A Love Letter To The No-Plan Weekend – Why They Remain Unbeatable

When your job is full-on and your eyeballs are ready to drop out of their sockets, weekends doing nothing are simply the best.

As you age, life flies by fast. One weekend you’re dusting off your summer clothes, excited about the prospect of a bike ride and a picnic in the sun; the next you’re getting Christmas decorations out, wondering where the year went.

Weekend after weekend I find myself fully-booked thanks to pre-made plans, often ones I’ve made months in advance, with absolutely no wiggle room for spontaneity – which, let’s face it, is the best kind of fun.

Don’t get me wrong, I love seeing and spending time with friends and family. There’s something very satisfying about the build-up to a trip to the Cotwolds, brunch and shopping with a mate, or a weekend away with the other half.

But the truth is when your job is full-on, you’ve had A Week™ and your eyeballs are getting ready to drop out of their sockets, no-plan weekends are simply the best.

There’s no need to panic, a no-plan weekend doesn’t mean sitting alone on your own in the dark. You can attend that BBQ your mate organised last-minute. You can laze about in the garden or park without a care about what time you’ve got to leave.

You can go to the gym for an impromptu workout or head to a lido. You might discover a local market or an event happening which you would’ve otherwise missed.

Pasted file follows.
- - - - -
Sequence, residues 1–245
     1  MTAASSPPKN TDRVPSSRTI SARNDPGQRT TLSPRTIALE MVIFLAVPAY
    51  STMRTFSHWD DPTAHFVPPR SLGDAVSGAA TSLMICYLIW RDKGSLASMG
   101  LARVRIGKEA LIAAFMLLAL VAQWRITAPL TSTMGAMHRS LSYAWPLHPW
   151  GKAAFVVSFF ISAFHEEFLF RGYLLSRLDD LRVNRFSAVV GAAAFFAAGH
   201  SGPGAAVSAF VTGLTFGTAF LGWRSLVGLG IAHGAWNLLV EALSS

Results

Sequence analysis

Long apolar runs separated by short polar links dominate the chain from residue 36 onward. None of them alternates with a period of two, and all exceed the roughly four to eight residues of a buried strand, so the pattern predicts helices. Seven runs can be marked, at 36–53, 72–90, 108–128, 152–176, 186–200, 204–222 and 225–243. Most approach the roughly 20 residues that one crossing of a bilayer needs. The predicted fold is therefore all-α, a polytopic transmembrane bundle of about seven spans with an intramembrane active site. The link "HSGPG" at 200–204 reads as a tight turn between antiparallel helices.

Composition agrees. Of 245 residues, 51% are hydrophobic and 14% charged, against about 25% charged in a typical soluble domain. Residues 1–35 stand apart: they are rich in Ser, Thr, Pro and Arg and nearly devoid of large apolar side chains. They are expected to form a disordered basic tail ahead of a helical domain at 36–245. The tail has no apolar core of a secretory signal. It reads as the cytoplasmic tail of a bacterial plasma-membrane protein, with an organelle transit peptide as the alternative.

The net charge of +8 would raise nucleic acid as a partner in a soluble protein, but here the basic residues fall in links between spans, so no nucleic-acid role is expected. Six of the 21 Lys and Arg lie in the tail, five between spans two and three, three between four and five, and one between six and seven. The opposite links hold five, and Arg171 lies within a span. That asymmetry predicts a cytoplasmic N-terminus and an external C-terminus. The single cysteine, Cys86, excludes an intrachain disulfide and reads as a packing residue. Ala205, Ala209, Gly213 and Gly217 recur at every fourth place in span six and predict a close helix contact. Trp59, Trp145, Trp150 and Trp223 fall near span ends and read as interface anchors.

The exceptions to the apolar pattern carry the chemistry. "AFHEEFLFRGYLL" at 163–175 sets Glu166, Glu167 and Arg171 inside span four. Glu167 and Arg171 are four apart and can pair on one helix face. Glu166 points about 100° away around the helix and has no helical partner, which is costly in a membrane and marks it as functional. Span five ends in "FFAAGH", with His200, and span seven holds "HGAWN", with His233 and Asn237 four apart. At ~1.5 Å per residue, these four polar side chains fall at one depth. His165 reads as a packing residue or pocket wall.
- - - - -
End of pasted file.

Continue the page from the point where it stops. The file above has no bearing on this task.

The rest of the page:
You might even choose not to leave the sofa and binge-watch an entire Netflix series instead, which is a perfectly valid way to spend 48 hours.

The spontaneity of it all – especially in the context of a life which often seems planned to a tee – is exhilarating.

I don’t want to be the kind of person who is relentlessly held hostage by their diary. I don’t want to be a person who burns out and cancels on friends or family last-minute, or gets to Sunday evening, week after week, feeling knackered. And all because I didn’t give myself time to recharge.

In a world where we’re constantly on-the-go and stress levels are rocketing, I think would be a smart idea for people to leave one weekend a month (or two months, at the very least) where they don’t book anything in.

No-plan weekends leave you with zero excuses not to look after yourself, to do the things you want (and, in some cases, need) to do such as having a bath, going to get your hair done or going for a run. Sometimes you just need them for the sake of your sanity.

So every now and then I’ll choose to not make plans: I won’t book in brunches or trains to other places and instead will mark the occasion with a Friday night takeaway, heralding the start of some much-needed me-time.

As for a no-plan bank holiday weekend, which I’m about to throw myself headfirst into... well world, watch this space.